How to connect two different location servers?

We have two small locations at two different places, both offices are equipped with DSL connection for internet/mail access. one location has to access some machines on other site and vice versa. How to do that, describe me what are the steps involved?. Also for securing machines do we have to install any separate hardware for security?, which hardware is better. Thanks.

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You're looking for a VPN - Virtual Private Network.

VPN transfers the packets of the internal network as payload in an external network connection. The method is called tunneling. To preserve privacy of the internal network, the packets are encrypted before being loaded into the external network packets.

There are a couple of HOWTOs about VPN in the Linux Documentation Project. The explain the basica prety well, but all are quite outdated.

My favourite for Linux-to-Linux VPN in OpenVPN . It works with recent Windowses and many Unix-like systems, too.

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Tauno Voipio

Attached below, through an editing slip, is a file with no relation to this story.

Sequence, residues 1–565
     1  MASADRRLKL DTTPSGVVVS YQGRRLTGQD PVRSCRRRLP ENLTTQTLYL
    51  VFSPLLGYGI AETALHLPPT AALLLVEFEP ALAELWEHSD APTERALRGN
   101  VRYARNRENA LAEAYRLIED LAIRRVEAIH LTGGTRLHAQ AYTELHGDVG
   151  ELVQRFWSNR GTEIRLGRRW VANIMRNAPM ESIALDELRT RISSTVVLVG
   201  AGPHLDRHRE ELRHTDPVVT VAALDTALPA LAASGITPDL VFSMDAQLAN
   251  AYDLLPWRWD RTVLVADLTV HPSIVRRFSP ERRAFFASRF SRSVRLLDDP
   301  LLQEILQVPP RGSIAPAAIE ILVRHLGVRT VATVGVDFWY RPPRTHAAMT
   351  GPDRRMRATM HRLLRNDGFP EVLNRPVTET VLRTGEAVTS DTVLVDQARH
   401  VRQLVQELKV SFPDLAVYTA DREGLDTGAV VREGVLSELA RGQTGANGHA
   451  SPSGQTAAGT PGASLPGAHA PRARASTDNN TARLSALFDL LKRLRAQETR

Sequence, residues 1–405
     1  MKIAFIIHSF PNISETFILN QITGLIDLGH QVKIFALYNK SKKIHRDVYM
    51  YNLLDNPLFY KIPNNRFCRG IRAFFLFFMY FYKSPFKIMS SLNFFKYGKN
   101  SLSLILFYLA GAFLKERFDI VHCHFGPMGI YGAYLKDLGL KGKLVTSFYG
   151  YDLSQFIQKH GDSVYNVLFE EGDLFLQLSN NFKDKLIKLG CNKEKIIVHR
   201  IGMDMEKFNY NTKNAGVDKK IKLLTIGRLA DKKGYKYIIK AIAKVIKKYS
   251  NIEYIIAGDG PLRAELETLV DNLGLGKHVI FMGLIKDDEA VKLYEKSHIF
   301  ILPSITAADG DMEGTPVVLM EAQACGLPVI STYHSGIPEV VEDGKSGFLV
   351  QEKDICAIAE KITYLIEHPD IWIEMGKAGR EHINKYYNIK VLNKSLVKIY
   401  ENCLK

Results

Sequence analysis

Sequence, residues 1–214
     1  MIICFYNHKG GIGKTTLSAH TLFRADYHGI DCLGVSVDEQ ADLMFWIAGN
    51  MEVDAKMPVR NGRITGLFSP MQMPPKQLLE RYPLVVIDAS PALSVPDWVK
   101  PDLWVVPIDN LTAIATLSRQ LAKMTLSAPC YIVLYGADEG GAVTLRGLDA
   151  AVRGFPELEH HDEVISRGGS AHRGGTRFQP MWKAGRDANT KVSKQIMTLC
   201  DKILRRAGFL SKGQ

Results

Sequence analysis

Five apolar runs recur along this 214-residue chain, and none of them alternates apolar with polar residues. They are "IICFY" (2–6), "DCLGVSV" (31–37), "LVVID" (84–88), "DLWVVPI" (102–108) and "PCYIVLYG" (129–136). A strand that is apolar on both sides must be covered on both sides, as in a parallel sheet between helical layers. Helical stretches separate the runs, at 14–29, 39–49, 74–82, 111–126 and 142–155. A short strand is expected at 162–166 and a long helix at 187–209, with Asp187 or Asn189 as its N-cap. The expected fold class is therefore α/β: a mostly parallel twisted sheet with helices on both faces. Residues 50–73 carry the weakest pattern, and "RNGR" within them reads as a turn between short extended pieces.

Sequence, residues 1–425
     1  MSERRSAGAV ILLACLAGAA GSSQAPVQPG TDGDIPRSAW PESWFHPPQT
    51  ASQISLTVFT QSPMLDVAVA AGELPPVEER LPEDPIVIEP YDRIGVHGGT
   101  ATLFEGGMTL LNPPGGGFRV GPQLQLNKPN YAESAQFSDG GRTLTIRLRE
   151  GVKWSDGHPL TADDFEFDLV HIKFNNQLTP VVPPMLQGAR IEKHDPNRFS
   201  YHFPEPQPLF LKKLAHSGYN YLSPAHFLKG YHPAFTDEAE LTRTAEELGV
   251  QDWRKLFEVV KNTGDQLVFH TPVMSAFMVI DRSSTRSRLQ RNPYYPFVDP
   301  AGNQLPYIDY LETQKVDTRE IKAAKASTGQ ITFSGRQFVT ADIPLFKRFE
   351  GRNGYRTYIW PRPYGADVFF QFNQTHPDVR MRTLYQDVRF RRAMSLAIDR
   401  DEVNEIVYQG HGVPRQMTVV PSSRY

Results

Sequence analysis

We have different servers at both locations, we are using different subnets, for example one location had DSL and connected all PC's to LAN using 172.16.35 subnet and other location had cable modem and Router, again all PC's to LAN using 172.16.16 subnet, now we have to access machines at both locations, how can we do that. thanks.

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Did you see the reply from Tauno Voipio?


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David Schwartz

You can use a Virtual Private Network, to connect the two sites. I use OpenVPN. You can also build a firewall/router/NAT with Linux, to protect your network from the outside world. You can use the same Linux box for both.

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James Knott

He referenced Mssr. Voipio's post in the headers, which means that he did indeed see it, so it seems like the OP wants to have the HOWTO read to him.

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In OpenVPN, there are two ways to connect the networks:

- routed, or - bridged.

The bridged connection forwards the datalink level frames, i.e. Ethernet frames. This makes the computers seem in a common local net, which may be an advantage, if protocols like Novell or Microsoft (without TCP/IP) have to be handled. The obvious disadvantage is hefty overhead of unnecessary packets bridged to the other end.

The routed connection routes IP packets over the VPN. It works like any IP routing, connecting different subnets.

It seems to me that you're looking for a routed VPN.

Please get the HOWTOs and read them


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